Image: Sam Woolley; Photos: Getty, AP

We’re going to proceed on the assumption that Rafael Nadal will (literally) sink his teeth into the French Open trophy, as he has nine times since 2005.

But say, for whatever reason, you are reluctant to prematurely hand it to Rafael Nadal, who just chugged through a 17-1 season on his favorite surface, and now enters the finale as heavy a favorite as at any other point in his historic career, despite having less hair to show for it. Let’s say, for some reason, you bet against the 30-year-old winning his 10th at Roland Garros, and are curious about the other contenders, in the way a curious child might stoop to show interest in the individual blades of grass, clovers, and dandelions lying in the path of an oncoming lawnmower. No one seems capable of stopping Rafa from completing La Decima on the most fruitful courts of his career, but if we had to humor the notion, here are the candidates most likely to pull the upset, in descending order.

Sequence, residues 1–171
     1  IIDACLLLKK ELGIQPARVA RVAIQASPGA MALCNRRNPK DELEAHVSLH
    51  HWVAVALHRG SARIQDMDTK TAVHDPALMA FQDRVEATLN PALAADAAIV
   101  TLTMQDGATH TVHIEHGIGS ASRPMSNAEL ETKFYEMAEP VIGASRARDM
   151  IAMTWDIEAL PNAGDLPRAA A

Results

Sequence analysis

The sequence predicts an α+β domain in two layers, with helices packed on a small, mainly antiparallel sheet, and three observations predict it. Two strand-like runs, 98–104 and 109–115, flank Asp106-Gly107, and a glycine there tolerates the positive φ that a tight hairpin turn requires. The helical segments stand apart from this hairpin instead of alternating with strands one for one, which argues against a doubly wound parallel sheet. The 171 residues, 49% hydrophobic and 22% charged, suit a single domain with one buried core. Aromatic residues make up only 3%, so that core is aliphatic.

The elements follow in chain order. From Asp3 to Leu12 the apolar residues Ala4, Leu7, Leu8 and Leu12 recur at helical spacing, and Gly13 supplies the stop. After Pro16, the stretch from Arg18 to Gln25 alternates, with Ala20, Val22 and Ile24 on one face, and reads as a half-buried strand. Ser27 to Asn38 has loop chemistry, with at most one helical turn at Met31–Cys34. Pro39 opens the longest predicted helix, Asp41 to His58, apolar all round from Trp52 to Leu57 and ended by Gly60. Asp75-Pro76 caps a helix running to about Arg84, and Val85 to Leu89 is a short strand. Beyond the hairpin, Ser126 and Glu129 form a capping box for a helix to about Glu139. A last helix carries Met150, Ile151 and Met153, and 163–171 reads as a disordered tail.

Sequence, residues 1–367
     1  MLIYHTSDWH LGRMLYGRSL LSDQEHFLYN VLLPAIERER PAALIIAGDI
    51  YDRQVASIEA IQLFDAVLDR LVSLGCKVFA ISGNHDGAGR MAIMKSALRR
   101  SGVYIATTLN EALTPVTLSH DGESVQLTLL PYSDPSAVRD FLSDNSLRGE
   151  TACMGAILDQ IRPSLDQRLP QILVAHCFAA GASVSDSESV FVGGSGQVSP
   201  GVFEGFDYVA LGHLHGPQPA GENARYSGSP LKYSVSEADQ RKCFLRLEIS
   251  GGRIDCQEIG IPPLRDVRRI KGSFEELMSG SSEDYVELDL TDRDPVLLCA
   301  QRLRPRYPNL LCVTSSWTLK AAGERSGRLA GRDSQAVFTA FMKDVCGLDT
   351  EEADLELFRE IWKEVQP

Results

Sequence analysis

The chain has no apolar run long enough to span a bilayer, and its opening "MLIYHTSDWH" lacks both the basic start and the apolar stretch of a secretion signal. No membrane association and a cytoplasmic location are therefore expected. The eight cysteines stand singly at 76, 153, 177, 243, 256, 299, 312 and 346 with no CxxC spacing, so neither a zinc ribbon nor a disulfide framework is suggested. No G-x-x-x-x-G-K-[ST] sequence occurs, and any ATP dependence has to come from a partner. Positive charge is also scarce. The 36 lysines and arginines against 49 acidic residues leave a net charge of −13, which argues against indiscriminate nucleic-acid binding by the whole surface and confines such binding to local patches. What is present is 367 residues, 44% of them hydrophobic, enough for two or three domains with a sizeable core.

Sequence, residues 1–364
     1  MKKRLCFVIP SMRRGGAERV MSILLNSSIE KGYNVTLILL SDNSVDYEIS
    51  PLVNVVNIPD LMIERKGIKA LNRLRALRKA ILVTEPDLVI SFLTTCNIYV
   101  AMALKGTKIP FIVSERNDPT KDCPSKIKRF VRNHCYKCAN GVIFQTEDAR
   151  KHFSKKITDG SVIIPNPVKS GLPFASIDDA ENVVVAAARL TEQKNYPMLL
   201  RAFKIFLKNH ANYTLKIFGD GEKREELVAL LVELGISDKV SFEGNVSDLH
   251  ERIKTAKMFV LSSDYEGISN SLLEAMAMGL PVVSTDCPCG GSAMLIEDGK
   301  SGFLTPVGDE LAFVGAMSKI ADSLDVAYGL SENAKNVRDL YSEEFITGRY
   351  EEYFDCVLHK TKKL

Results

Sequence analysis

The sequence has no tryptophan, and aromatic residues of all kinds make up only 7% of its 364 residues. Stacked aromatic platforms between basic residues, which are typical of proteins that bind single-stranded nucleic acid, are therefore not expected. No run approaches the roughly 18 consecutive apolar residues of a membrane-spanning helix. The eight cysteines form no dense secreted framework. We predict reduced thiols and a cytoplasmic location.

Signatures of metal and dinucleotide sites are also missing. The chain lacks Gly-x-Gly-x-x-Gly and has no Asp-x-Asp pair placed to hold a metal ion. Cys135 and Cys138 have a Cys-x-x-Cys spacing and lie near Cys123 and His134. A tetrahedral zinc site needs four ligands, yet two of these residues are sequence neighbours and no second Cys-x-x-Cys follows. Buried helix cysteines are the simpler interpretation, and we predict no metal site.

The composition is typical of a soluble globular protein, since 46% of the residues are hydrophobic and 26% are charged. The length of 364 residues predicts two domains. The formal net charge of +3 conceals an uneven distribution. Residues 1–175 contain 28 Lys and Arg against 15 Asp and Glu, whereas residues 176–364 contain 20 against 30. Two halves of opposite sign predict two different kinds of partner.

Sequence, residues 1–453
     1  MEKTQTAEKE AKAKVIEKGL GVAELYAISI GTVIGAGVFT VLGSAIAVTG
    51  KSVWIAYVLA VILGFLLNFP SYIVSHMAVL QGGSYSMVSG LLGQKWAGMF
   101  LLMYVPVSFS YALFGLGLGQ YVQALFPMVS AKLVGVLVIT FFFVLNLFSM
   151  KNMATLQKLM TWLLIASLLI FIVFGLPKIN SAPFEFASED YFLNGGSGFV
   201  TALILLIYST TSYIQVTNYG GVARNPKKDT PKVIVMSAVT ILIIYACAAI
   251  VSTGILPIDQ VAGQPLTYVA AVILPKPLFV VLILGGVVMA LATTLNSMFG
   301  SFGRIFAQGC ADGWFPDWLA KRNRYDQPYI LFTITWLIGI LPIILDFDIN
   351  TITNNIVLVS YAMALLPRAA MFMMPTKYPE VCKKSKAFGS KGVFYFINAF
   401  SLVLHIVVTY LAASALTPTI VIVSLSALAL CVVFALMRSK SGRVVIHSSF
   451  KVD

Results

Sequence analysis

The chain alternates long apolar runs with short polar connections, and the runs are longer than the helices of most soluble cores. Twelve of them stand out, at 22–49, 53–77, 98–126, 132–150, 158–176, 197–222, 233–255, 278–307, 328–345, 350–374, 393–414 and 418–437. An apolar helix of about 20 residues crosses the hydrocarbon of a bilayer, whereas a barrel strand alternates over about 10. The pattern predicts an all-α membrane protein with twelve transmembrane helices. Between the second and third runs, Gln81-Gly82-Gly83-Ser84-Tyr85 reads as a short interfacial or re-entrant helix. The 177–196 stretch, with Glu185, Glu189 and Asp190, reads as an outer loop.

Dominic Thiem

The 1 you saw in 17-1 refers to this man, a toiling 23-year-old Austrian who heaves his entire being into every ball of every rally. He presents heavy groundstrokes and a high-bouncing kick serve, all slathered up in so much top spin that Rafa must feel a little bit like a mirror match. In their two well-fought duels this clay season, Thiem laid out a blueprint for how to beat Nadal—don’t let yourself get pushed way off the baseline by his top spin, just go for high-risk, irresponsibly bold shots whenever you see a window—and he is one of a very rarefied group of human beings with the tools to execute it. Others include Stan Wawrinka (more on him later) and Robin Soderling, who defeated both Nadal and Roger Federer in late rounds of Roland Garros in his too-brief, mononucleosis-stunted career. They’ve shown it can be done. Can Thiem, hard-hitting but prone to overexertion, reprise last year’s deep run to the semifinals and dethrone the king? Probably not, but he’s the most promising prospect among the entire Non-Rafa field.

Best previous French Open result: SF, 2016

Career record versus Nadal (on clay): 2-4 (2-4)

Where they could meet: SF

Gameplan: Resist your natural inclination to sink way too deep behind the baseline, and hit every pitiful green-yellow hair off of the ball’s surface; get some free-ish (nothing is truly free against Rafa) points off the kick serve.


Novak Djokovic